Life is a minefield.
We navigate through it, getting bruised and battered and weary, enjoying a few successes, a few setbacks, and a lot of changes. Some changes we want. Some we don’t. They’re upon us either way.
Some of us put our heads down, duck and hope we stay out of the line of fire. Some of us jump with both feet into the middle of things, take the fire and hope to forge our own way. We know it takes a lot of heat to temper steel—and us, too.
But most of us find our place somewhere in between ducking and jumping. We choose which battles to fight and go for it, and we choose not to fight other ones. We win a few, lose a few, and at some point, we discover our life is out of control. We’re not mastering it, it is herding us—and we don’t like where it’s going.
This epiphany makes us aware in a way we can’t ignore, so we stop and take stock, but more often than not, we look at all that needs work in our life to reclaim it and we feel overwhelmed. When overwhelmed, we unfortunately tend to do nothing. The work is too hard, too time-consuming, too daunting or tough to tackle.
That marks us. It means we’ve given in (or up) and the next time we pause to take a look, we find ourselves in the same rut or tough place that we don’t like or want even more than we didn’t like or want it the first time we took stock while aware. Our life, we can’t deny, has spun so far out of control we don’t recognize it anymore—and we’re not sure we recognize us.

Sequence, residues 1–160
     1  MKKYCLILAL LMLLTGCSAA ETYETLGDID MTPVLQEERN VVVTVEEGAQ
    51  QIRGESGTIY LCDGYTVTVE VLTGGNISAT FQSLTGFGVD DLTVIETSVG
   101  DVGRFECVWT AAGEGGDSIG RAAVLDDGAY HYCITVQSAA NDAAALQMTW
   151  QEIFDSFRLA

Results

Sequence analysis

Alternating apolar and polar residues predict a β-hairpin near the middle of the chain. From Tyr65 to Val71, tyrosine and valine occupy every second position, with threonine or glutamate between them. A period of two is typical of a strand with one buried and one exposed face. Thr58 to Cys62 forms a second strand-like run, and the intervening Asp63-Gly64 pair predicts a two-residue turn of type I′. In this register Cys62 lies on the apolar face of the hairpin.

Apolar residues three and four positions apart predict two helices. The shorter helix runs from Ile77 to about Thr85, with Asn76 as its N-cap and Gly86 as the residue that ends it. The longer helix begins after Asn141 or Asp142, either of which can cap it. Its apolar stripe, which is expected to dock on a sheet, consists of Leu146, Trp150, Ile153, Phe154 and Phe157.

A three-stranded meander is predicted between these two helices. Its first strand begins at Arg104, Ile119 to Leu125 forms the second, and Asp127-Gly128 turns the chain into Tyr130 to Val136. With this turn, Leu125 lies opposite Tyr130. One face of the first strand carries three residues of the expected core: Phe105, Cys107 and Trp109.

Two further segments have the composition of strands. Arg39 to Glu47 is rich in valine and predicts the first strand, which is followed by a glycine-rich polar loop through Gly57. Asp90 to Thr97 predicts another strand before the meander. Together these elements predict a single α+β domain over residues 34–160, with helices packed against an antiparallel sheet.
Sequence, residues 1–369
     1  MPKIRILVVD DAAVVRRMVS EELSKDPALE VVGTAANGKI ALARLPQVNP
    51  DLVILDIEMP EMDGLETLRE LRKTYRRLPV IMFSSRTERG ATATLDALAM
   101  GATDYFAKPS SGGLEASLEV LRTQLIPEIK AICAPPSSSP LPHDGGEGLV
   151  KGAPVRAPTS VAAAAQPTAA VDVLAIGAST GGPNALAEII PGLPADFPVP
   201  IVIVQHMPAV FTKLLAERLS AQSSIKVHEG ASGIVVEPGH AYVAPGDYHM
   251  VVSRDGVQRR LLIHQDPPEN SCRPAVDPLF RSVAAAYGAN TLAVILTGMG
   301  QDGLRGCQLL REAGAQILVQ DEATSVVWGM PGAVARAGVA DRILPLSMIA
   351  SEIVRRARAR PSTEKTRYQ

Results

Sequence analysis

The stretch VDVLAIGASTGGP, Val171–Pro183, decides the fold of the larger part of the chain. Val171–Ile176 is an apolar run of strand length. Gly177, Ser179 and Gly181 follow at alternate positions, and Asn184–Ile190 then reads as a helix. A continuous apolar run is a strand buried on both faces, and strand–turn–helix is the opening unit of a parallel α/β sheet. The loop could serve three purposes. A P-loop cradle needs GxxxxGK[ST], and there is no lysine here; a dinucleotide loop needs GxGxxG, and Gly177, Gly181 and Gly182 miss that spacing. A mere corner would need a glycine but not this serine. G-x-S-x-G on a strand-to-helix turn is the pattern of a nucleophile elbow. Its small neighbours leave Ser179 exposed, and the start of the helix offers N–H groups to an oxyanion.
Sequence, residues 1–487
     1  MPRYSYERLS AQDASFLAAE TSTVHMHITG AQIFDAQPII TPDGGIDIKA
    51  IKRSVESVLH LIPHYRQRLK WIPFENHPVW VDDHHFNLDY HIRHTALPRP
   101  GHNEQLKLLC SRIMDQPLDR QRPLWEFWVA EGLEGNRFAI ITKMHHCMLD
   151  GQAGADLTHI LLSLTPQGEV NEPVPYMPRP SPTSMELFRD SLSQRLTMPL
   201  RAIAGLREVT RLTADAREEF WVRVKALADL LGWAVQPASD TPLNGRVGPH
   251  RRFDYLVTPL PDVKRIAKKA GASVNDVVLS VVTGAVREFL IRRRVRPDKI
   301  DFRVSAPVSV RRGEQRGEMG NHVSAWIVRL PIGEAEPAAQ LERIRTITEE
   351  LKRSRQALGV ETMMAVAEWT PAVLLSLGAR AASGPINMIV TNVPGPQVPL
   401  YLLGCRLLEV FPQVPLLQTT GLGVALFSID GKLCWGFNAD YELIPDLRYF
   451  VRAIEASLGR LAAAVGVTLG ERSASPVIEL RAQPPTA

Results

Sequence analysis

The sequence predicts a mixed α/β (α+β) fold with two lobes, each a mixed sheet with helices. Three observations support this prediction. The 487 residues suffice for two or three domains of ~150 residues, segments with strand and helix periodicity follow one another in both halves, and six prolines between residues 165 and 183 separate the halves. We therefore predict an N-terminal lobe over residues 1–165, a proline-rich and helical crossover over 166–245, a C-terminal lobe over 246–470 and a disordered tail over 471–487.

Scary stuff. The kind of stuff that forces us to make a choice. Duck (again), jump in and embrace change, or try everything in our personal arsenal to be content where we are, ignoring the fact that we don’t have the life we wanted and we’re not the person we want to be. It’s our call, and honestly, some of those choices appeal, even though we know we’ll be stuck looking at our whirlwind life and the stranger in our mirror and not liking either. So eventually we have to act. We have to do . . . something. But what?
We need to call the question and be brutally honest with ourselves in answering it. What question? Do we really want to reclaim our life and go on as we are? Or do we want to build a different life—a different us?
Either we do or we don’t. Claim this life or the one we really want. We must choose.
Neither answer is right or wrong. And the answer is up to us. Either way, odds are good that we’ve got to do something different or we’ll end up in the same place with the same results. That, we don’t want.
Life is a series of ups and downs and if we gain nothing through those ups and downs . . . well, something’s got to change to make the journey worth making. Of course, life is all about the journey and definitely worth the trip, so how do we assure different results?
We take a different approach. We start building ourselves from the inside out. Looking honestly at who we are and who we want to be. We know that to move forward and attain better, long-lasting results, we need a solid, sturdy, strong foundation.
That doesn’t start with where we work or what activities we do. For most, it doesn’t start with what or how we do what we do. It starts with what we think. And so we begin by defining what we think about the big things: